Get your Australian Skilled and Working Visa

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THE skills shortage is hitting business hard, with turnover on the rise, more companies recruiting staff from overseas and workers picking up the biggest salary increases in Western Australia and Queensland, both riding high on the mining boom.

The Australian Institute of Management's National Salary Survey 2007 has revealed that big companies now find it increasingly difficult to hold on to staff.

According to the survey, staff turnover is heading north and it is expected to keep moving in that direction. Turnover was 12.6 per cent for 2006-07, up from 11.5 per cent the previous year and 9.9 per cent in 2003-04.

The main reason for resignations, cited by 60.9 per cent of large-company employees, was to advance their career and promotion opportunities.

The survey raises questions over whether companies are doing enough to hold staff. Only 52.3 per cent of big corporations have a dedicated training budget and only 54.5 per cent of salaried staff in large companies have development plans in place, the survey says.

While 34 per cent of large companies employ staff from overseas, as many as 63.8 per cent indicated they were willing to employ overseas candidates to cover the skills shortfall.

Most of the migrant labour came from Asia (48 per cent) and Britain (44 per cent), with most of the new arrivals primarily filling construction and engineering roles.

The survey also found that the resource boom states of Western Australia and Queensland recorded the highest pay rises, at 6.8 per cent and 5.1 per cent respectively.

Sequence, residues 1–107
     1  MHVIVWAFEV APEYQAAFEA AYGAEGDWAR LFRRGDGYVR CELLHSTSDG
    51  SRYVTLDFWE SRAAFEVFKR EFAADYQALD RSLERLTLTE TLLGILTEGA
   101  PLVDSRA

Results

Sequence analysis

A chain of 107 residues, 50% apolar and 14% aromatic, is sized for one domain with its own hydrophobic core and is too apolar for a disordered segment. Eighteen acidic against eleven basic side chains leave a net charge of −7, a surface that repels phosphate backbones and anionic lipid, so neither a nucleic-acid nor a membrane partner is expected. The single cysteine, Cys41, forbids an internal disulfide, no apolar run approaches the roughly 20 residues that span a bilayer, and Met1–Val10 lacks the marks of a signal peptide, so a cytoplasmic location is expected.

Both states are powering ahead on the momentum of a mining and construction boom.

But the sectors are also in the grip of a skills shortage that is driving up wages as executives search to find enough workers for their projects.

The highest salary increases, at 6.1 per cent, were in the mining and quarrying sector. This was followed by banking and finance (5.7 per cent) and construction and engineering (5.6 per cent).

The lowest salary increases were in electronics/IT (3.2 per cent), retail (3.6 per cent) and manufacturing/food/beverage/tobacco (4 per cent).

Large-company employees in Victoria and Tasmania received an annual salary rise of 4.6 per cent. This was in line with the national average for large companies.

It was also significantly higher than the 4.1 per cent recorded in NSW and the ACT, which had the lowest salary increases in the country.

According to the survey, only 47 per cent of companies intended to revise their human resources and pay policies as a result of the Howard Government's WorkChoices law.

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